Using Metal Nest Boxes

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Q: I have been breeding birds successfully for quite a few years. Many of my plywood nest boxes are beginning to rot. With the present high cost of plywood and the wire to line it, it appears that purchasing manufactured sheet metal boxes has now become a cost-effective alternative.

I am hesitant to invest in these because I have heard that some birds will not go to nest in metal boxes, especially if they have become accustomed to nesting in wooden ones. I’ve heard that they are too cold in the winter and too hot in the summer. Have you ever worked with metal boxes? What are your thoughts on their use?

A: I have always been in favor of using some material other than wood for the construction of nest boxes. Wood has a great propensity to harbor all kinds of negative things, such as viruses, bacteria, molds, fungus and parasites. There is also the problem, as you have mentioned, of wood’s limited longevity. When I was starting out, I had not yet plugged into the “misinformation highway.” No one had told me that birds will not breed or become overheated in metal boxes. I had set up all my macaws and Amazons by using metal drums of different sizes for nest boxes. I painted them white to keep them cool and had great production. Some of these have been in service for almost 20 years and show no signs of needing replacement. As my aviary began to expand exponentially, I had no time to hunt down, clean and refit old grease drums. I checked with the local sheet metal shops, but the prices that they would have charged me for metal boxes were prohibitive. I had no choice but to rely on the standard plywood boxes that the local carpenters were making for all the other facilities that were cropping up in the area.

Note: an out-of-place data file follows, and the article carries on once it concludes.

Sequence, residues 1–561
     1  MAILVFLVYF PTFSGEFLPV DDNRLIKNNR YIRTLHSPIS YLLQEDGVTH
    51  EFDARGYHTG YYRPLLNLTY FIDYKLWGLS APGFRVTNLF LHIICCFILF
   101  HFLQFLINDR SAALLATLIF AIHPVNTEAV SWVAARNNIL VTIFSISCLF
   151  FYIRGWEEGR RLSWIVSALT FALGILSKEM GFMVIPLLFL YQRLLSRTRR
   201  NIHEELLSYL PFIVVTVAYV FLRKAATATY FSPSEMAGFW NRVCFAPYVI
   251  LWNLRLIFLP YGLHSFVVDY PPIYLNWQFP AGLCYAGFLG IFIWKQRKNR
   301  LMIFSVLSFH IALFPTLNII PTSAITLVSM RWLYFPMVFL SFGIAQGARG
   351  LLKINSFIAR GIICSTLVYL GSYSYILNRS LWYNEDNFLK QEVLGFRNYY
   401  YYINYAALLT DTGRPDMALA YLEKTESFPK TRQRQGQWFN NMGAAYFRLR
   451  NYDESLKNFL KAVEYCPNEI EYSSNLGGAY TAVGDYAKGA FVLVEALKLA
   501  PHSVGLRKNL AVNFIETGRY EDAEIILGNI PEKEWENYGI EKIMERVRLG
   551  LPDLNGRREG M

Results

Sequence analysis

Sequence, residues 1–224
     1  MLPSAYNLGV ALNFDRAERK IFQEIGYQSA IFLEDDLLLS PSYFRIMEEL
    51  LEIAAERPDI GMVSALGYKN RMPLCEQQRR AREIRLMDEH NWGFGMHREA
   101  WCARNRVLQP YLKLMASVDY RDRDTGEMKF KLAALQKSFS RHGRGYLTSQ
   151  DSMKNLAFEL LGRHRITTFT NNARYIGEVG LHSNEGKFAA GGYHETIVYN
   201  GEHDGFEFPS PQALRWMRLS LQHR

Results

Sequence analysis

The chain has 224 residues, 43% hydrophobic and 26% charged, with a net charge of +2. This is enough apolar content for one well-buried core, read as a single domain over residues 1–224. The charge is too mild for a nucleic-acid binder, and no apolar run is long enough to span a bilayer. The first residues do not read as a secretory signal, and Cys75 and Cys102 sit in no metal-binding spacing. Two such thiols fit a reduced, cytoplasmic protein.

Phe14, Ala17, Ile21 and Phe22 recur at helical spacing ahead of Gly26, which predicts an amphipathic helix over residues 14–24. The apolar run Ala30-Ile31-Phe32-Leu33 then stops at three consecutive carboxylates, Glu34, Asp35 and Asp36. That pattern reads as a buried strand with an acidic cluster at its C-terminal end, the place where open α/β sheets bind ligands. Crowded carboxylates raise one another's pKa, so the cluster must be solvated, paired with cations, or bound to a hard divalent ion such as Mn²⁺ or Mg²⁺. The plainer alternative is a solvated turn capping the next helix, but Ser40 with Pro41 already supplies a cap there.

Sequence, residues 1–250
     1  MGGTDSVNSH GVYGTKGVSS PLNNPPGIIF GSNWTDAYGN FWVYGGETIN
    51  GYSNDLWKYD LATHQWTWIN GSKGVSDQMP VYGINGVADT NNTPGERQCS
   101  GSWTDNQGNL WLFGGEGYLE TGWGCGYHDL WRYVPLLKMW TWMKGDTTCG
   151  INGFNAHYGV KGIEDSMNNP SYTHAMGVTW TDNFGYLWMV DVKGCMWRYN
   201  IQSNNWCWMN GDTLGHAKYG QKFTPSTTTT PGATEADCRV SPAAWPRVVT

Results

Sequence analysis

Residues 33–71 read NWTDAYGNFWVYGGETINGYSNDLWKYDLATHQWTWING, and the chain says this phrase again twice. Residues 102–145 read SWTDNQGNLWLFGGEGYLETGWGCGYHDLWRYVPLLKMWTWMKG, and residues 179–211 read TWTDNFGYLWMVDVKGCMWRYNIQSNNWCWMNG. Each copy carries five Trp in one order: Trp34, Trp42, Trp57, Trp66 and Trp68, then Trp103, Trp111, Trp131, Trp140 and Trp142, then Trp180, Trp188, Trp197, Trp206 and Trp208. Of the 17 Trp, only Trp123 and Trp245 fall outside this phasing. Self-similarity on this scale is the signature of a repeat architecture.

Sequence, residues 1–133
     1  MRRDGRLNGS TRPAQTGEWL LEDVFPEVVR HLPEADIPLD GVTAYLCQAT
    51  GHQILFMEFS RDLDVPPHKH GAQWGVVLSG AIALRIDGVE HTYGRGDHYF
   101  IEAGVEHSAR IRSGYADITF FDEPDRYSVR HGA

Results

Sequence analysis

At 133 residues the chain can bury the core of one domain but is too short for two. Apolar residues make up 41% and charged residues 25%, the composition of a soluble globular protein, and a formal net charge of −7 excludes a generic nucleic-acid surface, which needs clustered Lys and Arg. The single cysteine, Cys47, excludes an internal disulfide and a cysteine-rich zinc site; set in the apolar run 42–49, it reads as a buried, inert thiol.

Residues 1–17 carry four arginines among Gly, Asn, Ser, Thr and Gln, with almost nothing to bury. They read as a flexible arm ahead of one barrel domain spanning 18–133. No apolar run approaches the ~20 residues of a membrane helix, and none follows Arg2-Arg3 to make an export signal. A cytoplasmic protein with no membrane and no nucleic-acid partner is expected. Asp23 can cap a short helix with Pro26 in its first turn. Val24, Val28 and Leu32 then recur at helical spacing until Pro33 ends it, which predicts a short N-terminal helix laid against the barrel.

Last year, I began the process of replacing old boxes. I contacted a supplier of metal nestboxes.I explained that I had no desire to purchase anything fancy. Amazons and conures that have been nesting for many years successfully in standard grandfather-clock-style boxes didn’t need a box with any ingenious designs. They agreed and supplied me with boxes that were identical in style to the wooden boxes that I had been using. Although the boxes came painted light gray, any portion of the box that was exposed to the sun was painted white. As long as the boxes remain white they are cool inside. Gray, no matter how light, does not have the heat-reflective powers of white. Once painted, the boxes must be kept clean or they will become dirty and lose the heat reflective powers of white. Another option is to keep them shaded.

We are now halfway into our breeding season, and I can say that there is not one single pair of birds that has refused to accept their metal box. The only difference is that it takes me much less time to check the boxes for eggs due to the type of sliding inspection door that is employed. I have a clean nest box with a door that will never lose its screws and fail and a box that will not have to be replaced for many years. I am so impressed with the performance and acceptance of these boxes that I will probably never go back to wood